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Defining “Agile Business Analyst”: a challenge for BAs.

There are, for already some years, ongoing discussions about the understanding of what an “Agile Business Analyst” actually is, without a real consensus showing up. For some people, given the characteristics and competencies of a BA, the adjective “Agile” is redundant; for others, it is contradictory.

“Agile BA” looks like a pleonasm

In his post of 2014[i], Steve Blais gave an excellent overview of the disagreement that exists regarding the understanding of “Agile BA”. He also claimed that:

(…) a business analyst is, and really always has been agile.

Agility may be required in any environment and is not uniquely related to agile development; changes are inherently parts of a project; they may address different elements (irrational decisions, failures, occurring risks, invalid assumptions, new regulations, improved understanding, …) with frequencies more related to the environment than to the used project development approach.

Blais underlined that any good BA may recognize himself in the values of the Agile Manifesto and used this later to introduce the A.G.I.L.E. Business Analyst characteristics:

  • Adaptability
  • Goal orientation
  • Innovation
  • Leadership
  • Empathy

Some of the Underlying competences of a Business Analyst as referenced in the BABOK 3rd ed. (e.g. behavioral characteristics, communication and interaction skills) also provide further elements in favor of this interpretation.

“Agile BA” looks like an oxymoron

Typically, agile practitioners used to state that there is no Business Analyst in their team because there is no need for it; there is no need for detailed documentation and no room for such a role.

Looking at the way agile teams work, we may observe that BA’s responsibilities (requirements elicitation & management; solutions evaluation …) are distributed between different predefined roles and the distribution depends on the method in place (eg.: In Scrum, the Scrum Master act as a facilitator, the Product Owner is responsible for requirements management, …). This looks good in theory but may not fully apply in practice; some team members may be lacking crucial BA skills and the introduction of a BA into the team may be an excellent response to this issue. The BA may also foster communication and requirements identification associated with environmental factors that could be out of reach for team members.

Any hope about an agreement on a definition?

We may wonder if one time we would come to a common definition of an Agile Business Analyst and if the Linkedin discussion referred by Steve Blais will ever end. We may have some doubts, especially so long the two schools of thought have different outlooks; the first one referring to the BA as a practitioner and the second one referring to it as a role.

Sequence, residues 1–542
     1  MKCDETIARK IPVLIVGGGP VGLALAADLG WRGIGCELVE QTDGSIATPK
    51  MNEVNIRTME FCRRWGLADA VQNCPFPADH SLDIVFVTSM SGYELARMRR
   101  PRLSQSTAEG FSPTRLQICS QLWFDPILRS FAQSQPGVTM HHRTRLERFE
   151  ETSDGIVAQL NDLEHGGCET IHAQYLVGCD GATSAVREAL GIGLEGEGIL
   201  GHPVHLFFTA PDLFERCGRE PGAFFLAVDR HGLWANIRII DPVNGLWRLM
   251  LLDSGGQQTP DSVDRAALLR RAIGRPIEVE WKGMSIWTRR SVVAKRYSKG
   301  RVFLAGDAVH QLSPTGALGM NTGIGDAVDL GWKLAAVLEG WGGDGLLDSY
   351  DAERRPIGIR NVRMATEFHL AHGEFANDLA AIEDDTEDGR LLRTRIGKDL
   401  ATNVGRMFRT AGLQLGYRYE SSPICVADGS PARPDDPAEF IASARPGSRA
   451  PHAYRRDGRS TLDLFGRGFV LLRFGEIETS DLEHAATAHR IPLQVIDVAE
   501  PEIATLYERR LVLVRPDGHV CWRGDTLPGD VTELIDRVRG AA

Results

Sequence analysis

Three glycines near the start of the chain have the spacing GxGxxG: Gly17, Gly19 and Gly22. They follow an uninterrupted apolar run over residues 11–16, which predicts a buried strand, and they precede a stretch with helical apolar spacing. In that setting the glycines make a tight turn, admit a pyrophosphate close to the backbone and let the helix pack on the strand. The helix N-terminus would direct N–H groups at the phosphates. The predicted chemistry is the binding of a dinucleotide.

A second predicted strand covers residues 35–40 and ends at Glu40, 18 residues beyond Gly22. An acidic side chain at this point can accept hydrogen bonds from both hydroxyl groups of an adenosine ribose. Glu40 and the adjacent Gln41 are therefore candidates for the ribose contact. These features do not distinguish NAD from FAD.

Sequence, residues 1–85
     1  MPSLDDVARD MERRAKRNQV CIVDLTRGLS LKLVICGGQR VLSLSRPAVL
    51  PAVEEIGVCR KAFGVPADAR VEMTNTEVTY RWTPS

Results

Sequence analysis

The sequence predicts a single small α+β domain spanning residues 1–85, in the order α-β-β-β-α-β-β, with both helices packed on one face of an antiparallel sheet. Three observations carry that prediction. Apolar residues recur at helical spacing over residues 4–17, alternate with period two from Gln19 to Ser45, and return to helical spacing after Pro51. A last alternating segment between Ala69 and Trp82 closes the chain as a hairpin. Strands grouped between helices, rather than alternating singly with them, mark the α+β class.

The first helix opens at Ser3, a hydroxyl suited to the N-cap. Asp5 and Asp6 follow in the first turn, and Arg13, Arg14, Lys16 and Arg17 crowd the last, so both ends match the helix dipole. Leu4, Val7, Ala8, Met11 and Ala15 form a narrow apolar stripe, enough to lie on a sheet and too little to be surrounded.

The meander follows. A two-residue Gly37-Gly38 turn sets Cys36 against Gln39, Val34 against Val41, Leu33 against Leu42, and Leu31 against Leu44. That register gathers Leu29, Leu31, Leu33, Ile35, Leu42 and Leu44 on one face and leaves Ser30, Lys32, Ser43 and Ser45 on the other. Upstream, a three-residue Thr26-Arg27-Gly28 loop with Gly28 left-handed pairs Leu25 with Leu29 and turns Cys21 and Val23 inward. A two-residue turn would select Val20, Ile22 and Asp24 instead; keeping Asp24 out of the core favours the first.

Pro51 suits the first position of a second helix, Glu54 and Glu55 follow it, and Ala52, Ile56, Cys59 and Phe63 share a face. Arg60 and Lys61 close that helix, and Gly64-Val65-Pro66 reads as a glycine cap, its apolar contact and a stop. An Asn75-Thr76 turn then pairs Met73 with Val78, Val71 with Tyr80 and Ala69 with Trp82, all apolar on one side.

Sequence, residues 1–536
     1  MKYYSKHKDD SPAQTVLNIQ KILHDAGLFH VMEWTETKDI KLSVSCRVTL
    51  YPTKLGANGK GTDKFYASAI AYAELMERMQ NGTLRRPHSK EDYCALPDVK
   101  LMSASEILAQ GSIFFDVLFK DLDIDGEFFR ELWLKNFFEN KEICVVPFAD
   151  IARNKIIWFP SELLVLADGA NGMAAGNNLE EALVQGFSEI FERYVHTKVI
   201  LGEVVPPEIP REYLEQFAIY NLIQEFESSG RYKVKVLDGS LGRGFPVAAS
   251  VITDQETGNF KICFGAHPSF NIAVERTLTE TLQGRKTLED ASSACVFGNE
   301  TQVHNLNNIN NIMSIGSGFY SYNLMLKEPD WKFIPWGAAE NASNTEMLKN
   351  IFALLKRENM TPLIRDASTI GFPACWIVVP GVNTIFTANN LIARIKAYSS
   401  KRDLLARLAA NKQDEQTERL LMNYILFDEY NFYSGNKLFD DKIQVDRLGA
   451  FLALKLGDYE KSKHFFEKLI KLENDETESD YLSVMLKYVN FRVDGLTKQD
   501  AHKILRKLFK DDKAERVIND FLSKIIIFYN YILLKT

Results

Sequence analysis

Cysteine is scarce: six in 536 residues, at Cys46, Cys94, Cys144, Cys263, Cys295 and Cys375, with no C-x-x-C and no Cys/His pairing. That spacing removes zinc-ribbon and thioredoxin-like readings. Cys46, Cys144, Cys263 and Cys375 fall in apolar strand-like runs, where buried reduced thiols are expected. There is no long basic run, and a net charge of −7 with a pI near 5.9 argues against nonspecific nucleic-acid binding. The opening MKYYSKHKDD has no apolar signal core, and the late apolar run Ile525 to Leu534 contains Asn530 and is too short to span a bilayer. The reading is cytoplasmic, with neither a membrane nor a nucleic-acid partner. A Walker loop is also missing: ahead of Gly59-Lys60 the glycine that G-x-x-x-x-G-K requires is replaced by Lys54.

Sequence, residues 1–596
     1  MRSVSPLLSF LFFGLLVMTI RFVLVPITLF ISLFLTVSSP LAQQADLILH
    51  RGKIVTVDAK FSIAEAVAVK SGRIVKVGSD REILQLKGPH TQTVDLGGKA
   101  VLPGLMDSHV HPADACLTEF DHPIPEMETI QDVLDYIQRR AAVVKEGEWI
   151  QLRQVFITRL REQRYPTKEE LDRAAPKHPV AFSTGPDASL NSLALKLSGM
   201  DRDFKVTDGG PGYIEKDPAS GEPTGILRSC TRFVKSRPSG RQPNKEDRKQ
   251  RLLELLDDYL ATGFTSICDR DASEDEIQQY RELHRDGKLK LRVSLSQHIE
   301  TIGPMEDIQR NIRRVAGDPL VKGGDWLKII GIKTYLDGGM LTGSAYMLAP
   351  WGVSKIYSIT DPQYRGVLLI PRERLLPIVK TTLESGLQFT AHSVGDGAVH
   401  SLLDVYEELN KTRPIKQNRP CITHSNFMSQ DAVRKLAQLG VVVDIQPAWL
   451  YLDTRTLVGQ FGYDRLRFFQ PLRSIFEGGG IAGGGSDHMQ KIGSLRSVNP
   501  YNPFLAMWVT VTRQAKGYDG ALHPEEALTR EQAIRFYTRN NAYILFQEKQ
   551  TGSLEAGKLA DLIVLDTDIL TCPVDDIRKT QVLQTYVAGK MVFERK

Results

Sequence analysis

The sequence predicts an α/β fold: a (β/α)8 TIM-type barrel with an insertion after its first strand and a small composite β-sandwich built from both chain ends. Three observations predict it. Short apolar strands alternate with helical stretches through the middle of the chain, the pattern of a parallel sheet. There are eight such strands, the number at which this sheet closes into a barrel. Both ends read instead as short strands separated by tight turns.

In her blog post, after provision of some reasons for having a BA in an Agile Team, Bonna choi


At the end of the day, the title doesn’t really matter. Each organization has its own terminology to call similar roles differently. What really matters is the kind of team dynamics needed to succeed with Agile.

While it may be difficult to get a shared definition of what an Agile Business Analyst is, we may identify Agile Business Analysis as the BA discipline commonly applied in agile development environments. The demand in this area is increasing and practitioners are developing, with more or less creativity, a large number of tools and techniques. Therefore, any organization (whatever its approach – agile or not), willing to identify, evaluate and adopt the most suitable tools or techniques, should definitely follow the latest trends in Agile Business Analysis.

[i] Blais, Steve (2014, January 21st). What is an AGILE Business Analyst? Retrieved from

[ii] Choi, Bonna (2013, May 22nd) Do we need a Business Analyst on an agile team? Retrieved from

4 Responses

  1. Thank you for this perspective on agile Business Analysis. I fully agree that the name of the role finally does not count, the efficiency with which a new solution becomes finally effective counts, i.e. this very much determines the success of the project. If agile people do not see the necessity of a BA, just re-brand him or her and call him (member of the) Product Owner (team). The real PO from the business is very often too busy for carefully managing requirements (prioritizing user stories in the backlog). He is typically in a – what I like to call it – part-time dilemma, i.e., he has not sufficient time besides his business role to fill his PO role with adequate dedication. This dilemma can be resolved by a BA wearing a magic PO hood 😉

    1. YJ

      The PO may be stretched between his business and project duties and face difficulties conciliating both. 😕 His availability, responsiveness and decision making may suffer from this 😐 ; the product quality and completion date have then a high probability to get affected (an agile approach would then lose its interest) 🙁 . Dealing with other stakeholders within and outside the organization is often time consuming; developing missing skills may also require some time and not present the expected ROI if not necessary on the long run; the delegation of all PO duties (except decision making) to a BA is a wise recommendation to which I fully adhere. 😎

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